Winter is the perfect time to wrap up warm, throw on some wellies and go for an invigorating walk. Blow away the cobwebs along blustery coastal paths for a Christmas walk, or take a frosty New Year’s Day stroll. We look after lots of places where you can feel refreshed on crisp winter walks in Liverpool.
Allerton Country Walk
Allerton Country Walk is around seven miles long (if you include the optional route around Childwall Woods) through the countryside atmosphere of Liverpool’s diverse parks, woodlands, open spaces and public footpaths. During the two to three hour walk, you will pass through a landscape full of historical interest along with a wide variety of flora and fauna. Follow the walking guide and map to discover more. To help you along the route, signage has been placed periodically as a guide.
This route connects Everton Park – with its fantastic panoramic views of Liverpool, the Mersey and beyond – to the towpaths of the Leeds-Liverpool canal, and eventually through to the rapidly transforming docklands of the River Mersey.
Enjoy a peaceful stroll in the country, surrounded by magnificent woodland, grazing livestock and traditional cottages. The landscape here has changed little in over a century, even though it’s just six miles from Liverpool City Centre.
This walk begins in Croxteth Hall Country Park. It’s the heart of was once a great country estate stretching hundreds of square miles and was the ancestral home of the Molyneux family, the Earls of Sefton. After the death of the last Earl it was given to the City of Liverpool.
As well as Croxteth Park itself, the Country Park is also home to a real working Home Farm, a Victorian Walled Garden and a 500 acre nature reserve – all open to the public. It’s an excellent place to explore to see wildlife and hints of a forgotten feudal past.
The promenade makes a great change of scenery for walking your dog or cycling, with wide, traffic-free space, and wonderful views over to Wirral. If you keep walking, you’ll end up at the Royal Albert Dock which is always a wonderful sight to see.
Be sure to wrap up warm at this time of year because it’ll probably be a little windy, but refreshing nonetheless.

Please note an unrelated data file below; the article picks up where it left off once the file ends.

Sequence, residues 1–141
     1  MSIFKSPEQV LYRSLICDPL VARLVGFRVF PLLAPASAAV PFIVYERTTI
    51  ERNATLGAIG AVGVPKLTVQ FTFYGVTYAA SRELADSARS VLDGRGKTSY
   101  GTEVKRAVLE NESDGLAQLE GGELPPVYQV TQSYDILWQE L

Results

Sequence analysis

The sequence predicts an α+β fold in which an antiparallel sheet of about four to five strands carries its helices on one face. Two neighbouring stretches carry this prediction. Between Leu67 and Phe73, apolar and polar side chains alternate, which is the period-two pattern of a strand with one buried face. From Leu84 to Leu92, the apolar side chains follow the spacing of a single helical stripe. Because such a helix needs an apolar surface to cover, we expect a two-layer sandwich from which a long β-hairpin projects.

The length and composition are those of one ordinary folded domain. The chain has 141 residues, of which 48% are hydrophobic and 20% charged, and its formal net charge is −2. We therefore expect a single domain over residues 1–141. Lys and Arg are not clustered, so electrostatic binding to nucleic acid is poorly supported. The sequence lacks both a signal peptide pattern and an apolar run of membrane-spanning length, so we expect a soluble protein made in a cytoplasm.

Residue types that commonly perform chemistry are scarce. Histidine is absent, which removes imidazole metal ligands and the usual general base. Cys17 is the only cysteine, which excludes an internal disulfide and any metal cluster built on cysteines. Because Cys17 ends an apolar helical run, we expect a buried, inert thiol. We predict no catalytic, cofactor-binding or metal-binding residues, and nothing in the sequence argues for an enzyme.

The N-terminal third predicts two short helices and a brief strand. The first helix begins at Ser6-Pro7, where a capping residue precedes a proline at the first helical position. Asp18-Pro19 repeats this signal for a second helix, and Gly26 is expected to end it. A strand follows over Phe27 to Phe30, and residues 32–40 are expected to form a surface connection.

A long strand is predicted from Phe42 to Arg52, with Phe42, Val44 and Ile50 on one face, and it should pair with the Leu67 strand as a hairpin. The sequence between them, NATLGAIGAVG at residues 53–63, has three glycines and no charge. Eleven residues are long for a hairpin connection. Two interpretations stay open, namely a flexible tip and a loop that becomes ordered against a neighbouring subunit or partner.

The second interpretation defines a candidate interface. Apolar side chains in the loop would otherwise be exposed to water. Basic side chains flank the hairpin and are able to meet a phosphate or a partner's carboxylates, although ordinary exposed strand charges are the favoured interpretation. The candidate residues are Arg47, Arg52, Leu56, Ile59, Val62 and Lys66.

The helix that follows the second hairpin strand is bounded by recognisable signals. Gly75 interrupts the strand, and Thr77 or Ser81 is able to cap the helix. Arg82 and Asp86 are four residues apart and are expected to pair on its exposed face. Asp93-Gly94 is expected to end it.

This wonderful green corridor runs through east Liverpool and provides a tranquil escape from the city.
The Loop Line was abandoned in 1964 by British Rail and became quite derelict until 1986 when plans were drawn up for its conversion to a walking and cycling route. The railway path provides a flat, well surfaced green corridor through the urban environment of east Liverpool, and forms part of the award-winning Trans Pennine Trail. Even though you are so close to a city it feels like you’re out in the countryside. The route is managed like a linear woodland park. It runs through rocky cuttings and high on embankments with wide views across the city.
Childwall Woods has remained virtually unchanged since they were planted in the 1700s, however, through the years their name has changed as have their owners. The woods were originally the grounds of Childwall Hall the seat of a wealthy landowner and were known as The Grounds. They extended from Childwall Abbey Road to The Black Woods, and from Countisbury Drive to Woolton Rd. The owners of the hall owned vast amounts of land and planted much of it as woodlands, some of it still existing today as Childwall Woods.
The Local Nature Reserve of Childwall Woods and Fields is a wonderful place for a walk in the countryside without leaving the city.
Speke-Garston Coastal Reserve is a haven of tranquillity carved out of the old Speke Airport site. It consists of 70 acres of land stretching from Garston Docks to Liverpool John Lennon Airport on the banks of the Mersey Estuary. There are fine views over the Mersey and the silence is broken only by the calls of sea birds and waders – and the occasional plane making its approach to John Lennon Airport.
There are lots of beautiful walking routes you can take around Sefton. Choose to make your own trail up through the 235 acres, or follow the perimeter and get the best views of the frosty lake on the Aigburth side of the park and the stunning Palm House.
The winding pathways and 2 mile perimeter trail are perfect for working up a sweat or taking a leisurely stroll.